The FDCPA allows a levy on property whether a "present or future interest, whether legal or equitable, in real, personal (including choses in action), or mixed property, tangible or intangible, vested or contingent, wherever located and however held."
Firestone claimed the writ of execution was barred by the statute of limitations and because the cello was in the trust and therefore not his personal property. The government noted that FDCPA has no time limit for collection of debts by writ of execution and, therefore, the levy was not barred.
The key issue was whether Firestone's property right to the cello was subject to the levy. Property is defined based on the "breadth of control of the taxpayer."
A trust is interpreted under local law. Under California law, Firestone held both the equitable and legal interest in the personal property. The trust provided Firestone with a "Life Estate Interest" in the cello with permission "to possess and play the cello."
Firestone claimed that another individual who was not named in the trust was the actual beneficiary. However, the court determined that the unnamed individual did not have a vested interest.
Because Firestone was both the settlor and beneficiary of the trust, he held a legal interest in the cello under California law. Therefore, the writ of execution could be exercised by the IRS. If the cello is outside the United States, Firestone is ordered to repatriate the cello.
IRS Skeptical on NIL Collective Exemption
In 2021, the National Collegiate Athletics Association (NCAA) created a new policy that allowed student athletes to be compensated for the use of their name, image and likeness (NIL). The student-athletes may generally receive NIL payments, with certain limitations.
In response to the policy, many supporters of sports teams at universities created NIL Collectives. Some of the NIL Collectives have been deemed exempt under Section 501(c)(3). While an IRS legal advice memorandum (AM 2023–004) is not an official ruling, the IRS has taken the position that the new NIL Collectives are not tax-exempt.
NIL Collectives often are supported by university fans and donors. The NIL Collective provides administrative services to connect student-athletes with paid NIL opportunities. While the NIL Collectives claim they are primarily raising awareness and support for charitable partners while compensating student-athletes for the use of their name, image and likeness, they frequently are performing substantial activities that benefit individual athletes.
A Section 501(c)(3) organization must serve a public rather than a private interest. It must be both organized and operated exclusively for one or more exempt purposes. Reg.1.501(c)(3)-1(c)(1). The operational test requires the nonprofit to serve a public interest. A single substantial nonexempt purpose can block exemption.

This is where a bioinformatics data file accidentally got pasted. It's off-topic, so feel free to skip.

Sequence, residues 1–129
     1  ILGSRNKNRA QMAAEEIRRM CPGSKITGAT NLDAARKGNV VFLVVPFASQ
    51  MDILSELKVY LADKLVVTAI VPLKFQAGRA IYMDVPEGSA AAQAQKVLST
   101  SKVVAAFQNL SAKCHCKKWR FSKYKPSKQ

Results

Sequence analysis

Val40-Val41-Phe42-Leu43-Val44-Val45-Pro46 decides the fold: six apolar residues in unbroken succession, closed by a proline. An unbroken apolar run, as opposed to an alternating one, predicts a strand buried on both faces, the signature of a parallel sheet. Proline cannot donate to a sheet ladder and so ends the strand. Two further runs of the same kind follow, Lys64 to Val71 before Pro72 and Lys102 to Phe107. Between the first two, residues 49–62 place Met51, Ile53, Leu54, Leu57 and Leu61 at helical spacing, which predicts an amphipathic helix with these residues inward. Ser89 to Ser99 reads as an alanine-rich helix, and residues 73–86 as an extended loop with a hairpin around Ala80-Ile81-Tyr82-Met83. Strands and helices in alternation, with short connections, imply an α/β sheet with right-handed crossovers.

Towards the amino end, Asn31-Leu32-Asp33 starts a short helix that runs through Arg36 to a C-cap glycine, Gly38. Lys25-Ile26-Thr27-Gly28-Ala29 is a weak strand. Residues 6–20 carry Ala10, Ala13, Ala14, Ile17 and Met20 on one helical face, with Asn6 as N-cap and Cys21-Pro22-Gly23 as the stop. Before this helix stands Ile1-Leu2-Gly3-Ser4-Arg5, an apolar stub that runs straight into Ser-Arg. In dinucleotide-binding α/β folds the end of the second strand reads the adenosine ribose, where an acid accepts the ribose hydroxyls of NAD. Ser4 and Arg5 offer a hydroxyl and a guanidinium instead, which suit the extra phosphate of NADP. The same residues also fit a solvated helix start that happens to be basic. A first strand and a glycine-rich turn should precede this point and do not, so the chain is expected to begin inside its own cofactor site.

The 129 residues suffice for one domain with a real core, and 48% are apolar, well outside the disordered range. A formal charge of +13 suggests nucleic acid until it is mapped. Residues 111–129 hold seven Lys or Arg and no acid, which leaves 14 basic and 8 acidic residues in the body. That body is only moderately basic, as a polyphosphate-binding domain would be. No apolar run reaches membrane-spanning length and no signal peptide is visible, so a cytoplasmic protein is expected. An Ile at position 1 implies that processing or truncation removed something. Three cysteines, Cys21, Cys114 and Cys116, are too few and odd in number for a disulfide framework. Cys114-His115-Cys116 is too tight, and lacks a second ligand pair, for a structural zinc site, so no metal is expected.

There is an exception for incidental benefits, which may permit some private benefits. However, if the direct benefit is to designated individuals, the private benefit is not "qualitatively incidental to exempt purposes."
Generally, exemption is denied if the private benefit is substantial compared with the public benefit. Many of the NIL Collectives provide benefits to private individuals. These benefits may be substantial, both qualitatively and quantitatively. The compensation of the student athletes for NIL is the very purpose of the NIL Collective. The collectives perform many business-related functions by negotiating terms and ensuring compliance with state and federal laws. Some also provide financial planning, legal advice and tax assistance.
The benefit is also not qualitatively incidental because funds are paid to a specific class. Boosters and fans of athletic programs are organizing collectives to support the athletes from that university.
Because a NIL Collective will not generate incidental benefits and may have a substantial nonexempt purpose, the IRS believes "many organizations that develop paid NIL opportunities for student-athletes are not tax-exempt."
Applicable Federal Rate of 4.2% for June -- Rev. Rul. 2023-10; 2023-23 IRB 1 (15 May 2023)
The IRS has announced the Applicable Federal Rate (AFR) for June of 2023. The AFR under Sec. 7520 for the month of June is 4.2%. The rates for May of 4.4% or April of 5.0% also may be used. The highest AFR is beneficial for charitable deductions of remainder interests. The lowest AFR is best for lead trusts and life estate reserved agreements. With a gift annuity, if the annuitant desires greater tax-free payments the lowest AFR is preferable. During 2023, pooled income funds in existence less than three tax years must use a 2.2% deemed rate of return.